Summer demands pitchers of iced tea. While a nice cold glass of black or green tea on cubes is always there for a refreshing jolt, a nettle-peppermint infusion over ice offers a different set of attributes. Peppermint is commonplace, of course, but even if you haven’t heard of nettles, you’ve probably told them to fuck off once or twice. You see they are usually called weeds—stinging nettles, in fact, as they have tiny little thorns that hurt like fiberglass splinters when they get under your skin.
Read more on pain and tea after the jump…
Nettle’s healthy attributes, however, greatly outweigh the plant’s ability to be a nuisance. Rich vitamins A, C, iron, potassium, magnesium and calcium, they can be used to treat everything from eczema to arthritis. You can find them at your local apothecary or online, and an infusion is a great way to harness some of the healthful benefits. (Salads are another; some other time.)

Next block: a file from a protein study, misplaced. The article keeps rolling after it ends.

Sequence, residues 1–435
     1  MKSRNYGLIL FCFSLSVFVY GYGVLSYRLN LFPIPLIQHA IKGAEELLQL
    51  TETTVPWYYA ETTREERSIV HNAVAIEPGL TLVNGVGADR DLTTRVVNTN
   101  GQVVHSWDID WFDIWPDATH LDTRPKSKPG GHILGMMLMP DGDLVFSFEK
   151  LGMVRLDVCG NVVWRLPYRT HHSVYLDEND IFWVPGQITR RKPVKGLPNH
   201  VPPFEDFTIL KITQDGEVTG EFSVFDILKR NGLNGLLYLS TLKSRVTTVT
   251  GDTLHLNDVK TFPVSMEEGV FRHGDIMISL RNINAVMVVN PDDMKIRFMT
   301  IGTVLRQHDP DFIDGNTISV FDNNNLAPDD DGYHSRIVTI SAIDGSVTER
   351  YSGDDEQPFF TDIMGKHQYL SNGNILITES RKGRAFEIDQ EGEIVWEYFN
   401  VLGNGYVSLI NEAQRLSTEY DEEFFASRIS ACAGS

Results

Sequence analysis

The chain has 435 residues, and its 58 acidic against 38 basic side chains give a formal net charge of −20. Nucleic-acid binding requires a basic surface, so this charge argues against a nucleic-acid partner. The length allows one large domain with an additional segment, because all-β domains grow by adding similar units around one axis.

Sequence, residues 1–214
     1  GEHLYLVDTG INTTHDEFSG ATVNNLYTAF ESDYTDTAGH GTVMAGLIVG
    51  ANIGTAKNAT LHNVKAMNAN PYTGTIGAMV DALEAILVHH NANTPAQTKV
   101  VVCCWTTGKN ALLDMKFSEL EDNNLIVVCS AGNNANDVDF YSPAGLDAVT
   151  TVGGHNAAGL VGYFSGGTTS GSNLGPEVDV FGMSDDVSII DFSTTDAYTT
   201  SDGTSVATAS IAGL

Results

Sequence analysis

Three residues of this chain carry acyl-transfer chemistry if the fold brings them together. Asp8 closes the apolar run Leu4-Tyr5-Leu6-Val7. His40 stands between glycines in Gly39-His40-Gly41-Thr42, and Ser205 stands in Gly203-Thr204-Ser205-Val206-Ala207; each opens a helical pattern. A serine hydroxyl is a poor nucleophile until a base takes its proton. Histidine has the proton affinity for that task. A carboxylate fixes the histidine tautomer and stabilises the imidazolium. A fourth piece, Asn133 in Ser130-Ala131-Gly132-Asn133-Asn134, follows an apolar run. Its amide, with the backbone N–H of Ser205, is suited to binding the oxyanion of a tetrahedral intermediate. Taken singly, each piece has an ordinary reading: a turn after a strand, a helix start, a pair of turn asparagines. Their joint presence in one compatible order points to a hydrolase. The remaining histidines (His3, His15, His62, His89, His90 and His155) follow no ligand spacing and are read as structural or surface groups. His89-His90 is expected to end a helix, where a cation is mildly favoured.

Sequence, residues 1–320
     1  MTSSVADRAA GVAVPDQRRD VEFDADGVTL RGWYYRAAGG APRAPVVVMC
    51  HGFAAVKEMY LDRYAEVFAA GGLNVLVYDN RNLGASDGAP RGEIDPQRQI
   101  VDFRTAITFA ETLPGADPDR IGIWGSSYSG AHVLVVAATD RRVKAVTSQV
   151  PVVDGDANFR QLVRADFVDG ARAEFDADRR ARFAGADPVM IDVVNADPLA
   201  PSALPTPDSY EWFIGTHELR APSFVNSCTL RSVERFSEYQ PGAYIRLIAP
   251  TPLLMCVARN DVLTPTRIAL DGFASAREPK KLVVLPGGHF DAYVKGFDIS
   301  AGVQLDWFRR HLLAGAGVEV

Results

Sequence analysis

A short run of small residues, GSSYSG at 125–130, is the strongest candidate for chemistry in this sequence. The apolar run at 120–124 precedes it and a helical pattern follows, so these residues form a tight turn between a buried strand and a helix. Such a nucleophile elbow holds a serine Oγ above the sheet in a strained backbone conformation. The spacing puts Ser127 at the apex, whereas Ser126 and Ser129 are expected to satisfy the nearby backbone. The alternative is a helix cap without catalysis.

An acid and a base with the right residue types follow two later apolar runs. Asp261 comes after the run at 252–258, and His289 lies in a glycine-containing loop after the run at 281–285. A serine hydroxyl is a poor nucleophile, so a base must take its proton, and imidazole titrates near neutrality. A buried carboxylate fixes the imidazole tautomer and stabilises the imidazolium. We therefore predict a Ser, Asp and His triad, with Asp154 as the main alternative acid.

3 Tbsp dried nettles
1 Tbsp dried peppermint
3 c filtered water
A pitcher filled with ice
While bringing water to a boil, put the nettle and peppermint into a clean French press (ideally one that’s never been used to make coffee) or another tea-making device. When the water is boiling pour it over the nettle and peppermint and set the plunger and lid in place. Do not push the plunger down. Let the mixture sit overnight.
In the morning, fill your pitcher with ice and pour in the infusion. Let the tea rest on the counter for 30 minutes so that some of the ice melts and dilutes the infusion. Pour into glasses and garnish with a damn lemon wheel.
This is a stout glass of tea. The nettles give the infusion a viscosity that satisfies and the peppermint lingers pleasingly on the palate—an icer with potency that satisfies more in the vein of beer or white wine. It is also awesome mixed with green and black iced teas.